Do you get angry at small brick-and-mortar businesses that print their logos on their walls/windows so you can quickly identify them as well? What if they have small signs on the sidewalk listing their specials so you know what they offer? Or if they give you brochures with information about their company and what products they offer? Are you saying you'd rather them not do all that, and tediously go around window shopping for yourself, or force independent 3rd parties to go around cataloging everything just so you know what the options are for whatever it is you're shopping for? Because all of those conveniences businesses currently provide count as marketing.

I'm no fan of invasive tracking or obnoxious sales techniques either, but marketing does serve an objectively useful purpose, as any small business owner will tell you. Demanding to do away with it entirely is just throwing out the baby with the bathwater.

reply

[–] mrguyorama link

If a mom and pop shop paid someone to follow me around all day and suggest their products/services for every little thing, and constantly remind me that they exist and what they do, and even recruit other mom and pop shops to do the same and share the info about where I was, I would ABSOLUTELY hate them.

I'm not asking independent third parties to do anything. I'm asking companies to let me do what a Free market is supposed to let me do: Let me make my own educated choices about what I purchase/use, untarnished by psychological tricks and manipulation and tracking.

reply

[–] axlprose link

The free market is also supposed to let businesses do just about anything legal they want to get more customers. So basically kinda like how it is now already. And just as you would expect in a free market, the consumers are reacting to these business practices with ad/tracking blockers.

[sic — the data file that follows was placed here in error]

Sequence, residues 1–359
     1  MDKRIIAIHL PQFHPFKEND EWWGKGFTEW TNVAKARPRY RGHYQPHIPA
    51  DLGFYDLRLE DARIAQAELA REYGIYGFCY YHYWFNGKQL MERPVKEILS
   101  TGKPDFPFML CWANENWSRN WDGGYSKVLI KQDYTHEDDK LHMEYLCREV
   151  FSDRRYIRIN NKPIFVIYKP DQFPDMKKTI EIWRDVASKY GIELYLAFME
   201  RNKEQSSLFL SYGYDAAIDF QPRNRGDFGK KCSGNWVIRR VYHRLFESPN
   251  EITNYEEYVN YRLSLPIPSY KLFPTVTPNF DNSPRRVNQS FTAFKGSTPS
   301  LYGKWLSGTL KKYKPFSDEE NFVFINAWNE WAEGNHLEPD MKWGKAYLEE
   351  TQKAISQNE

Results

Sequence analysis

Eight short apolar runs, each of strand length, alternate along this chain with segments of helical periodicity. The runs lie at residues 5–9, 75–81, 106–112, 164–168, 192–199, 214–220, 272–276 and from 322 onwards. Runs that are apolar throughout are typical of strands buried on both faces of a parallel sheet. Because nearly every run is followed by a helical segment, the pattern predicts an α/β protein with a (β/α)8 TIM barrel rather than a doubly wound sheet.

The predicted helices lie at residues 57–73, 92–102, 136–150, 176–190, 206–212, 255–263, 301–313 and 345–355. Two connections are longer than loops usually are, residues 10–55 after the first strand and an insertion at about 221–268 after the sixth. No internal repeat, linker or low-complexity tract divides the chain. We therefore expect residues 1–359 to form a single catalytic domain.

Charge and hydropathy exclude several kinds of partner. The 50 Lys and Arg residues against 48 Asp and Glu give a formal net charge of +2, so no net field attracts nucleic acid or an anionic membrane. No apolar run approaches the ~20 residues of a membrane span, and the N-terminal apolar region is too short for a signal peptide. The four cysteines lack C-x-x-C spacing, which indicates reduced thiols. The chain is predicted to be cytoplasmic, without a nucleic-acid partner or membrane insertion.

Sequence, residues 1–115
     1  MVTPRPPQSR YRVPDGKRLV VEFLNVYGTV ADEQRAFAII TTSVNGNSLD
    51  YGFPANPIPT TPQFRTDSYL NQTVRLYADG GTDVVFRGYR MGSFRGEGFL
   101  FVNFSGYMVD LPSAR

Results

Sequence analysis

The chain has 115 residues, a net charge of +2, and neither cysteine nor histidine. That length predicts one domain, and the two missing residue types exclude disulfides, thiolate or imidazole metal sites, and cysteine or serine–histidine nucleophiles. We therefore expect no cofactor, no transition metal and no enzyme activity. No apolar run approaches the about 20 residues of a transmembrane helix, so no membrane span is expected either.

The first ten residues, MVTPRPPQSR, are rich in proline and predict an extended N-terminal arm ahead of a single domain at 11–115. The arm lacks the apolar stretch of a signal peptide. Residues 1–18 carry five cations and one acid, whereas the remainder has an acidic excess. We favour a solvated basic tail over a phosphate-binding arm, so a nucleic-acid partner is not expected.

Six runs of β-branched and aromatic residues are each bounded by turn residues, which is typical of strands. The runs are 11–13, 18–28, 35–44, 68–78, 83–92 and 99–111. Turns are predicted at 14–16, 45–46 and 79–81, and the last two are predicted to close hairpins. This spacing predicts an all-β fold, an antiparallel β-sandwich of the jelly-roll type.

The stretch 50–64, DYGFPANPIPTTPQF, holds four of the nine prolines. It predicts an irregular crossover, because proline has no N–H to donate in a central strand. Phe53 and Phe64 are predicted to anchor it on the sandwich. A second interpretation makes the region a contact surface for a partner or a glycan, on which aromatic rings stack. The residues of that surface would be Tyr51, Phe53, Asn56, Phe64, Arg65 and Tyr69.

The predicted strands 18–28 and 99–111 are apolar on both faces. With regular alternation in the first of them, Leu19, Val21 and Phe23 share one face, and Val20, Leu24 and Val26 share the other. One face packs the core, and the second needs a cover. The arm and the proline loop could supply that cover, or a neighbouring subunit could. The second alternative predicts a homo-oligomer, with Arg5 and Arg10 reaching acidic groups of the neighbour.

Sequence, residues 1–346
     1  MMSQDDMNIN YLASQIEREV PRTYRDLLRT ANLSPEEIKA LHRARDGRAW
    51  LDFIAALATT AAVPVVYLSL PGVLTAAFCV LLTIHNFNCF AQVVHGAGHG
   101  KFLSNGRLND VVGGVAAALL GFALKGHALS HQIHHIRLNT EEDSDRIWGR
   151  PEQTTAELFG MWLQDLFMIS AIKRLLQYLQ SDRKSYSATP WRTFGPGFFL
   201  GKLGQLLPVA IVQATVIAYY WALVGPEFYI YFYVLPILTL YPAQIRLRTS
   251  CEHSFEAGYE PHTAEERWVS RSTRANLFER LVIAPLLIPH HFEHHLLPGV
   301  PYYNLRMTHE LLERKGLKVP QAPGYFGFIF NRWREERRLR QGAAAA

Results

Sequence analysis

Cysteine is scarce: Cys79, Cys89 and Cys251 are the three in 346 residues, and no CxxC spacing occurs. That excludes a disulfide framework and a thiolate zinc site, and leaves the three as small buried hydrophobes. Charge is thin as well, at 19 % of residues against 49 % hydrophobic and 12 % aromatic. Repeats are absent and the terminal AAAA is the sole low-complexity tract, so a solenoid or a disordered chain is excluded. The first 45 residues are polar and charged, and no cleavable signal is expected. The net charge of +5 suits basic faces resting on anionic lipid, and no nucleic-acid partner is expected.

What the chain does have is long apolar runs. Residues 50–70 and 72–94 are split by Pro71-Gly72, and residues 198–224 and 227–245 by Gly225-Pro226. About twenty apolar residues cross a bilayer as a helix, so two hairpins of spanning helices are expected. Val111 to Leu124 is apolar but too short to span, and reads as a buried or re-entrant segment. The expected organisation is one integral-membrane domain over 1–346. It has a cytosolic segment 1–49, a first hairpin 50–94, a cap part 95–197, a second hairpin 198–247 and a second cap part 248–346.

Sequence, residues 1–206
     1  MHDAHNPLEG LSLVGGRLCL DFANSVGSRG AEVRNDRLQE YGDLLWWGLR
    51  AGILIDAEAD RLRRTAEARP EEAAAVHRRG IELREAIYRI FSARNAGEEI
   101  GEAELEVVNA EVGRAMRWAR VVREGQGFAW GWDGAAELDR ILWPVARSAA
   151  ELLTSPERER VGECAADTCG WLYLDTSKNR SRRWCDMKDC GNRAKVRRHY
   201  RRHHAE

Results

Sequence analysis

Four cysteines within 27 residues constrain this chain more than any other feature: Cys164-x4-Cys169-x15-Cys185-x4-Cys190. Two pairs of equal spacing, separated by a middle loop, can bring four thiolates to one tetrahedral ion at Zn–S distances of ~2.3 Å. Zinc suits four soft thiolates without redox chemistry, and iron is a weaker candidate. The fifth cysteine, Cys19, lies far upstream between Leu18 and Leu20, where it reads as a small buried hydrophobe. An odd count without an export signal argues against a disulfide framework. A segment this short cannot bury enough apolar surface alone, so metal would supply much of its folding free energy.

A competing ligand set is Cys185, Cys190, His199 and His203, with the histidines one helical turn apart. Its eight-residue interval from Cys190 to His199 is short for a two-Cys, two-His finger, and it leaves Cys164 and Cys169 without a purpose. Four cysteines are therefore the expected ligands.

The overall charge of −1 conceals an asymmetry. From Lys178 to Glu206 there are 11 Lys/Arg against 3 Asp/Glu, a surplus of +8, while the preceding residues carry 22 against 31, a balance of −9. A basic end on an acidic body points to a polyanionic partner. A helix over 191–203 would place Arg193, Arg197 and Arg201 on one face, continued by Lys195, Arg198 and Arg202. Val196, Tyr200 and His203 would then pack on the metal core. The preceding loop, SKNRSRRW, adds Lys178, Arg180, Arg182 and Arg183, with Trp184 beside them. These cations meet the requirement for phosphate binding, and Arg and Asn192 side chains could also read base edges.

I'm not defending shady tactics here, I'm being realistic about the functionality marketing provides despite the bad stuff. I get the annoyance, but there's no need to be calling all of marketing "evil" when the free market seems to still be working as it should. When a critical mass of consumers begin blocking all tracking utilities, businesses are going be forced to innovate around it one way or another anyway, and you'll get what you want. It may take a while for that to happen, but that's not a reason to be angry at marketing as a whole. Just continue voting with your wallet (or browser extensions in this case).

EDIT: really, downvotes? I don't even think we disagree, but whatever man. I wish I could be surprised at HN downvoting people trying to be calm and rational instead of emotional and hyperbolic, but that's just cliche at this point. I try to avoid commenting on controversial topics for this reason, but I guess I'll have to add "marketing" to my blacklist of topics as well now.

reply

[–] gk1 link

FYI - HN does not allow users to downvote direct replies their posts. So it's not the person you're responding to who downvoted.

reply

[–] psetq link

All three of your questions can be answered by either using my own judgement, or reaching out to people more familiar with what I'm trying to accomplish with the product/purchase.

I'd trust a mechanic's opinion on what tools to buy much more than a tool company marketing department. I'd expect this type of thinking (being sceptical of "marketing") is pretty much common sense these days.

reply

[–] gowld link

How will that mechanic learn about the options?

reply

[–] psetq link

Can you really not imagine any way to learn about things existing without some marketing department telling you so, or do you just want me to say that not all marketing is bad or unnecessary, which I have no problem doing.

reply

[–] ksk link

Well, the only entity who knows about a product's existence is the product creator. Without them marketing it (organic or otherwise) nobody else would ever know.

reply

[–] musage link

> how will you compare it against other alternatives?

Before marketing made that a pain in the ass, I might have looked up reviews. I'm going to look at anything BUT the marketing to evaluate a product.

If you want to lump in shop signs with manipulative, needy stuff, like telemarketing to borderline mentally handicapped people, then do that. I'm not onboard, and if it takes foregoing shop signs to be allowed to root out the vampires once and for all, let's do that yesterday. Let the marketing retreat and secede from the creepy line, or lose it altogether.